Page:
. . . the finding of a negative intrinsic factor antibody assay does not therefore rule out pernicious anaemia.

High titre intrinsic factor antibody may interfere with assays of cobalamin, leading to a false normal serum cobalamin. Testing for intrinsic factor antibody is therefore advised in patients with strong clinical features of deficiency such as megaloblastic anaemia or sub-acute combined degeneration of the cord despite a normal serum cobalamin level. In these cases pre-treatment serum should be stored for investigation with an alternative assay (HoloTC or MMA) to confirm the presence of a severe deficiency.

RECOMMENDATIONS - Page 8: * All patients with anaemia, neuropathy or glossitis, and suspected of having pernicious anaemia, should be tested for anti-intrinsic factor antibody regardless of cobalamin levels.

* Patients found to have a low serum cobalamin level in the absence of anaemia, and who do not have food malabsorption or other causes of deficiency, should be tested for IFAB to clarify whether they have an early/latent presentation of pernicious anaemia.

C. TREATMENT OF COBALAMIN DEFICIENCY - Page 8: The BNF advises that patients presenting with neurological symptoms should receive 1000mcg on alternative days until there is no further improvement. However, the GWG recommends a pragmatic approach in patients with neurological symptoms by reviewing the need for continuation of alternative day therapy after three weeks of treatment. No further testing for cobalamin levels is required.

RECOMMENDATIONS - Page 9: * Treatment of established cobalamin deficiency should follow the schedules in the British National Formulary. * Initial treatment with oral cobalamin may not be appropriate in pernicious anaemia, but may be considered in maintenance or correction of suboptimal levels in asymptomatic patients.

D. RECOMMENDATIONS ON CLINICAL APPROACH - Page 10: * Patients suspected of having pernicious anaemia should be tested for intrinsic factor antibody. Patients found to be positive should have lifelong therapy with cobalamin.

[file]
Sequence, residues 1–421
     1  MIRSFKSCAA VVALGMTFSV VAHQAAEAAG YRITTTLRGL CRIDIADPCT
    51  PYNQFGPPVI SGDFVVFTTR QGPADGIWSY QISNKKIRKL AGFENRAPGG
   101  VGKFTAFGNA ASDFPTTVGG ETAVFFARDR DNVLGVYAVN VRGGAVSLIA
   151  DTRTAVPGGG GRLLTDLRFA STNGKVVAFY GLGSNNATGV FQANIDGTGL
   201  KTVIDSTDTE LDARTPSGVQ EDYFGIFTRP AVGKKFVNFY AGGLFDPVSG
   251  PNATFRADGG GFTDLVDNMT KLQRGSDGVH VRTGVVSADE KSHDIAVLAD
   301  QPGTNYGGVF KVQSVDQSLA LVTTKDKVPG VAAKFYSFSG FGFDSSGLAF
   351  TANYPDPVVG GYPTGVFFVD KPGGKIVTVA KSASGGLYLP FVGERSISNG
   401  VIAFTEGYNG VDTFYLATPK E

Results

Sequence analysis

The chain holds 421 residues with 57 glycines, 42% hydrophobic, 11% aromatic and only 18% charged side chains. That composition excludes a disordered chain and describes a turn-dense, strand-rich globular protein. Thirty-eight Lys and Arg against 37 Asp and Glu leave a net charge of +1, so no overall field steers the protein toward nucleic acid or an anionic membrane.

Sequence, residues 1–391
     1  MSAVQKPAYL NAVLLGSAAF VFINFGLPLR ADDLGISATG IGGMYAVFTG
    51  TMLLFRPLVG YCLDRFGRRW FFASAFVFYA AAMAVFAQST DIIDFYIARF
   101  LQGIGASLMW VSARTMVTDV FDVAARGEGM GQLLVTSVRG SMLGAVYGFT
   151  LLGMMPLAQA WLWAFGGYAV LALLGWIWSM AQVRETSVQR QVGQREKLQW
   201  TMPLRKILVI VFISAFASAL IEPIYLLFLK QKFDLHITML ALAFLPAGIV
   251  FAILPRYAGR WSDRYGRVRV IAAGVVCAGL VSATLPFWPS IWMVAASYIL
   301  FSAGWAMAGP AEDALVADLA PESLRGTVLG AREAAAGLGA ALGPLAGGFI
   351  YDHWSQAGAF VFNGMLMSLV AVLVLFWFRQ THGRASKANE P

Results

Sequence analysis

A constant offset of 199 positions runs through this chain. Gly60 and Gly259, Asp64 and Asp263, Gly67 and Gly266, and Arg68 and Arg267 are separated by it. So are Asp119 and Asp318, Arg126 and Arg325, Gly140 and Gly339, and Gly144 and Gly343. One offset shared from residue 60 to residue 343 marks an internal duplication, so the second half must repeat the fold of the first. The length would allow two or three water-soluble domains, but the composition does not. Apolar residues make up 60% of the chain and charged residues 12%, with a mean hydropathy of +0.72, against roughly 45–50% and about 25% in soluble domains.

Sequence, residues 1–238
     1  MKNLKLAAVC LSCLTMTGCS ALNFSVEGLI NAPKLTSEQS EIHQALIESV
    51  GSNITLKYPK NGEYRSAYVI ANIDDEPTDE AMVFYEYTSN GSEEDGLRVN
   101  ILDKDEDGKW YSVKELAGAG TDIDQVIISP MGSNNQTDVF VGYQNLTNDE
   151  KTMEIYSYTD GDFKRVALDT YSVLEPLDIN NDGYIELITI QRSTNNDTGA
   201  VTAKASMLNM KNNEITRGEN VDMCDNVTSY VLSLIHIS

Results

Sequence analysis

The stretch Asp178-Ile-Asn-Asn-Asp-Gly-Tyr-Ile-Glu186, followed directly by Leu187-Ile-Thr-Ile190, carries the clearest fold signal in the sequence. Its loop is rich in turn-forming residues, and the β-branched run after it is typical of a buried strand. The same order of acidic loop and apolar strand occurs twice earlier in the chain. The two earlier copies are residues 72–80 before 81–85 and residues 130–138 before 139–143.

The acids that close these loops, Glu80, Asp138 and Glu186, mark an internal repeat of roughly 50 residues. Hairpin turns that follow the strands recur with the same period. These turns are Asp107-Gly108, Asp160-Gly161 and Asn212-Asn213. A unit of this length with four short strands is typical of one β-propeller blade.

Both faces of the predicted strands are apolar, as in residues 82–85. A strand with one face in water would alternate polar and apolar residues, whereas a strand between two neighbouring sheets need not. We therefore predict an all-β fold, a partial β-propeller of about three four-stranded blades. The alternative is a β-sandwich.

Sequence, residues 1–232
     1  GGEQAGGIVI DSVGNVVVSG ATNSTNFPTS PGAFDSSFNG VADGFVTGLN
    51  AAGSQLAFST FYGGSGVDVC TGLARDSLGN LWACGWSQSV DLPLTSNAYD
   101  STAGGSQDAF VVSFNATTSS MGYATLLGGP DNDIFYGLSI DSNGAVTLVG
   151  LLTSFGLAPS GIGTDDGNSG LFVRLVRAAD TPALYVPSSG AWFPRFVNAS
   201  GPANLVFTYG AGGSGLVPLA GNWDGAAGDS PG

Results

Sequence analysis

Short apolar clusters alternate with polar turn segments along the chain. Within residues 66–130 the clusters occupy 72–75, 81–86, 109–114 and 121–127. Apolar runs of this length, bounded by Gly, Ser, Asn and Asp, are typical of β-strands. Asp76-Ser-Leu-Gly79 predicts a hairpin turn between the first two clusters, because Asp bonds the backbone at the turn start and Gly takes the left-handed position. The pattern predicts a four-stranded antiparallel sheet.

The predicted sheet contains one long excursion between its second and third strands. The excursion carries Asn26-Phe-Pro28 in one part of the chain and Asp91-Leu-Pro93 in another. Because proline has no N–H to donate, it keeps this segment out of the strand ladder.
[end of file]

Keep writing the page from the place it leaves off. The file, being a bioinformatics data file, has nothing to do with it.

* Patients negative for intrinsic factor antibody, with no other causes of deficiency, may still have pernicious anaemia and should be treated as anti-intrinsic factor antibody negative pernicious anaemia. Lifelong therapy should be continued in the presence of an objective clinical response.

(b) BORDERLINE/NORMAL SERUM COBALAMIN (with anaemia or other symptoms) - Page 11:

RECOMMENDATION: Serum cobalamin level of greater than 148 pmol/L (200 ng/l) in the presence of a strong clinical suspicion of cobalamin deficiency should be evaluated further with MMA, tHcy or HoloTC and a trial of hydroxocobalamin given to ascertain any clinical improvement.

(h) POOR ABSORPTION DUE TO GASTROINTESTINAL . . - Page 14: Patients who have had gastric surgery have a high prevalence of cobalamin deficiency and more recently, treatments for obesity including gastric banding and gastric bypass surgery also lead to cobalamin deficiency.

‘Food-bound cobalamin malabsorption’ has been used to define a group of disorders characterised by gastric hypochlorhydria due to age-related gastric atrophy or secondary to drugs such as the proton pump inhibitors. In such conditions the cobalamin may not be separated from food protein and therefore is unavailable to the intrinsic factor. This is associated with 30-40% of cases of sub-clinical cobalamin deficiency.

The degree of this form of malabsorption can vary and the dose of oral cobalamin necessary to correct it cannot be prescriptive. Dose finding studies using 2.5μg to 1000 μg of oral cyanocobalamin have shown good response in terms of serum cobalamin using lower doses but lesser response in terms of tHcy and MMA. A pragmatic approach would suggest starting with a low dose and increasing it as necessary. Future studies should help to clarify what parameters to use in assessing replacement therapy.

Full guidelines available

BNF 9.1.2 2009 guidelines - page 507 of the BNF or 522 when downloading the pdf file.

This is an interesting link:

Wishing you well as soon as possible.


P.S: of course many health conditions are comorbid with others. Many health problems originate from poor gut health and if this can be addressed then it can really help. Many people find this website to be very well researched and ethical. Wishing you well :-)


One thing I wonder about is if your GP has been giving the impression that being hypothyroid is quite trivial and that Levothyroxine is the only treatment.

As Clutter is saying it can be very serious. But also, if you hang around this forum you will see that lots of people do not do at all well on the standard levo treatment, and can go through years of illness or other complications trying to get on the right dose or other forms of thyroid replacement, or to get their adrenals and vitamins in order to help the replacement work.

Dr Peatfield, who is quite popular on the forum, talks about how hypothyroid can mimic almost any other disease, this is because every cell in your body requires thyroxine to function.

So it may be that your hypothyroid was never properly treated, and there are other avenues to go down. Your doctor will not mention these, but you can read about them on this forum, and can always post blood test results and will get advice on where to turn next.